“I’m a huge fan of scripting, but I’ll put an asterisk on it and say: not traditional word-for-word scripting,” he says. “I’m a fan of preparing.”

You need to know what you want to say when somebody picks up the phone for a discovery call or a demo –– and how to deal with concerns midway through a demo or transition from either of those to a deal-sealing meeting.

Ed’s best advice comes from the legendary Mike Brooks, author of “Power Phone Scripts,” who says that forecasting options for prospect calls is key. After all, we can probably list at least a few reasons why people resist.

“Why not have some things in your wheelhouse to help overcome those?” he asks.

We might think a script means a word-for-word text. But a script can also be a bulleted list of talking points that outline where you want the conversation to go, Ed says. And it can keep you from veering into word-vomit territory.

He finds that when salespeople memorize a narrative, they’re sometimes prepared so well that they “pounce” at the slightest spark of interest, go off on tangents, or just generally overextend themselves.

Hold back to move forward

Although word vomit can strike at any time –– from a discovery call to a polished pitch to all the relevant stakeholders at an organization, Ed thinks the demo is “where you need to exert the most amount of restraint.”

That’s because word vomiting can easily take over a demo when you’re showing a prospect your solution.

Remember, a demo is less about showing off your solution as a product in general and more about targeting that solution to a prospect’s unique pain points (which, naturally, you learned in the discovery phase).

So as you prepare for a demo, think about how to best showcase a feature that can help solve their problems. As you show them how it works (and/or how to use it), ask them: How do you see this helping you? How do you see this changing your operation for the better? Have you tried to solve this problem this way before?

Those types of questions help your prospect imagine what it would be like to use your product. But what’s even more important is that you’re letting them talk –– about how they might see your product solving their problem.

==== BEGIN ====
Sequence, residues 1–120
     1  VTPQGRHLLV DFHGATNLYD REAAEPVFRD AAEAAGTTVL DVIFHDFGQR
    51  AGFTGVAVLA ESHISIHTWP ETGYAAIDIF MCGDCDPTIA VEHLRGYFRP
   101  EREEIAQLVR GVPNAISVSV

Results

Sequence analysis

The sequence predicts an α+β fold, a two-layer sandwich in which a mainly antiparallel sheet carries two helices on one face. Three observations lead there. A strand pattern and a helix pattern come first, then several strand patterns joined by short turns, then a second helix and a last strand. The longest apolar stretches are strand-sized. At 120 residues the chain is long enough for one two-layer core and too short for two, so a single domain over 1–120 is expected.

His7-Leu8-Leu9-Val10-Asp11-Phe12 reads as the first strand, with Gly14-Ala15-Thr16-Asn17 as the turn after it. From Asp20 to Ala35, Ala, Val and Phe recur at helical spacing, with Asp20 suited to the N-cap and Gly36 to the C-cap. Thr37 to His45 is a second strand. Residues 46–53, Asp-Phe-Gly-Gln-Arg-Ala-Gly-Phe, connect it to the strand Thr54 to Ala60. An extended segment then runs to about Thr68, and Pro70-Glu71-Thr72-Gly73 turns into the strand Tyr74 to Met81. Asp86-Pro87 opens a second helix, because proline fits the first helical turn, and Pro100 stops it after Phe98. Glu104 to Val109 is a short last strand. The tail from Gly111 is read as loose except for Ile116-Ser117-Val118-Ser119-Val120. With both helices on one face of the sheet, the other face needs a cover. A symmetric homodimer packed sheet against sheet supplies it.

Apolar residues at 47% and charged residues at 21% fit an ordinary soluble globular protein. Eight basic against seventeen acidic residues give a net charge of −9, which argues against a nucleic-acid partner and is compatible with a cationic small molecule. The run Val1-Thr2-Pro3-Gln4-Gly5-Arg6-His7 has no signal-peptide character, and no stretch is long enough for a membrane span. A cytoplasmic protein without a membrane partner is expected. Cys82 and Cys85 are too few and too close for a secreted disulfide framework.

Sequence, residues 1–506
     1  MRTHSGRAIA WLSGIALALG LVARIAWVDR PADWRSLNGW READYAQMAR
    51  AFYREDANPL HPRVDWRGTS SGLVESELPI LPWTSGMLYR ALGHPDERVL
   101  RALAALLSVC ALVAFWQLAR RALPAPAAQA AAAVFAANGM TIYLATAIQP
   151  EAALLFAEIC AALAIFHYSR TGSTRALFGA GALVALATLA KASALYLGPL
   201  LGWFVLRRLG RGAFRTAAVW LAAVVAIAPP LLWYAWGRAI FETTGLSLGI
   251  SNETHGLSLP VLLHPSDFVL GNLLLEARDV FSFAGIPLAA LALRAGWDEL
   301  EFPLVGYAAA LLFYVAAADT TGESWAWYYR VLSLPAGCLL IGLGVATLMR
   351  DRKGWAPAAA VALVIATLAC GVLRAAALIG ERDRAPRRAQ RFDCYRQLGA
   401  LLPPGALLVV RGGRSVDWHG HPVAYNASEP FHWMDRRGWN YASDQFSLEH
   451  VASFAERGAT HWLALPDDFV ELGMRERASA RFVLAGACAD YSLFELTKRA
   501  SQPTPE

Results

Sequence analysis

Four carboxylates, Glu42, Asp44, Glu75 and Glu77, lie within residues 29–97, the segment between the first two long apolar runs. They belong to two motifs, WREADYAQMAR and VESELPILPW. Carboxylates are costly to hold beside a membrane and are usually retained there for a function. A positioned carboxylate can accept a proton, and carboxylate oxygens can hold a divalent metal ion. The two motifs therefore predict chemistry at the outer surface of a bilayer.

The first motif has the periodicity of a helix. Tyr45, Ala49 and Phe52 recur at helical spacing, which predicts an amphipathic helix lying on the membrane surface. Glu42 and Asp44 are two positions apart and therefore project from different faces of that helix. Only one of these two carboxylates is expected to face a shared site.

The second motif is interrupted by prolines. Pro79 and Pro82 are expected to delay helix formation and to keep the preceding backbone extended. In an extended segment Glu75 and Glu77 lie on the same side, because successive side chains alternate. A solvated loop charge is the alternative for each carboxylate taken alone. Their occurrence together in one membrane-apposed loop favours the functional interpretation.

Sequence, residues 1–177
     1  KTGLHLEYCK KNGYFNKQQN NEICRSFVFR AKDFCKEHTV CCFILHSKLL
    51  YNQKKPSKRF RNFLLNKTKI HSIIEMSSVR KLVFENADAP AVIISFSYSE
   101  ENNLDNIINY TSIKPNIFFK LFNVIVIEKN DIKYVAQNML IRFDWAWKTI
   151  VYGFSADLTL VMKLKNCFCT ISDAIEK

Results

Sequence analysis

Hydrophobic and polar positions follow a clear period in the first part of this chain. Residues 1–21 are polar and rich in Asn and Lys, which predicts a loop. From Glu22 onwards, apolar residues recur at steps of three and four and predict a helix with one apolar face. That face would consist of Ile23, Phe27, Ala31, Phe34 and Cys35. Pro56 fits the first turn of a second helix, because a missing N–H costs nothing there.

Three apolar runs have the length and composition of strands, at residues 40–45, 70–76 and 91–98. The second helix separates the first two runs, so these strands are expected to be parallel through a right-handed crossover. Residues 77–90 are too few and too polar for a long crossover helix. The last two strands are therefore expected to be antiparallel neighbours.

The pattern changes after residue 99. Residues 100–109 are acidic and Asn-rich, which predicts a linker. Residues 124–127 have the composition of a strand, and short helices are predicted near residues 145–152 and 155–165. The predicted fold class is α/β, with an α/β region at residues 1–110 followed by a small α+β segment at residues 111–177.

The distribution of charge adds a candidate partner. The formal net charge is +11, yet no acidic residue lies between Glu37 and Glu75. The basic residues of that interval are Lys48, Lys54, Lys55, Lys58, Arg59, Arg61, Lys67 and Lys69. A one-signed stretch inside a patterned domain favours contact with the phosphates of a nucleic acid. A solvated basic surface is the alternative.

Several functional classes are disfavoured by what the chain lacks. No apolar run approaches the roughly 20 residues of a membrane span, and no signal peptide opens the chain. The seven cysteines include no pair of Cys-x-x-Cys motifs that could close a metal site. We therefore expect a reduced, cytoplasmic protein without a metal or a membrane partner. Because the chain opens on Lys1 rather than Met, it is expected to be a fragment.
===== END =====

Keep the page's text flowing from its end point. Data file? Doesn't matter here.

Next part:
“That’s going to give you a springboard,” Ed says. “It’s just like a counselor when they talk to a patient.”

To put it another way, you should encourage prospects to ask questions that address the issues you identify –– and give you the answers, too –– while you guide the conversation.

A smart script forces us to ask pointed questions –– “and then shut up because we need to get the answers,” Ed adds. “I find that when you’re pouncing and word vomiting, you’re not listening. In my experience, if you make a disciplined habit of listening, you consequently dramatically reduce the word vomit.”

The queen’s gambit: Shut up and shut it down

Preventing word vomit definitely involves self-awareness, but the most important advice Ed shares is to take control of the call.

What does that mean? Ed starts with what it’s not.

Controlling the call doesn’t mean talking the whole time,” says Ed. “It means understanding where you want to go.”

He thinks of sales calls as a game –– specifically, chess.

“You’re playing several moves ahead,” he adds. “How do you anticipate those moves? How do you respond to some kind of deviation from that expectation?”

Words of wisdom: To do that, you have to listen more than you talk.

“It’s called a conversation for a reason,” Ed says. “It’s to converse. Ask for information, receive information, build a dialogue.”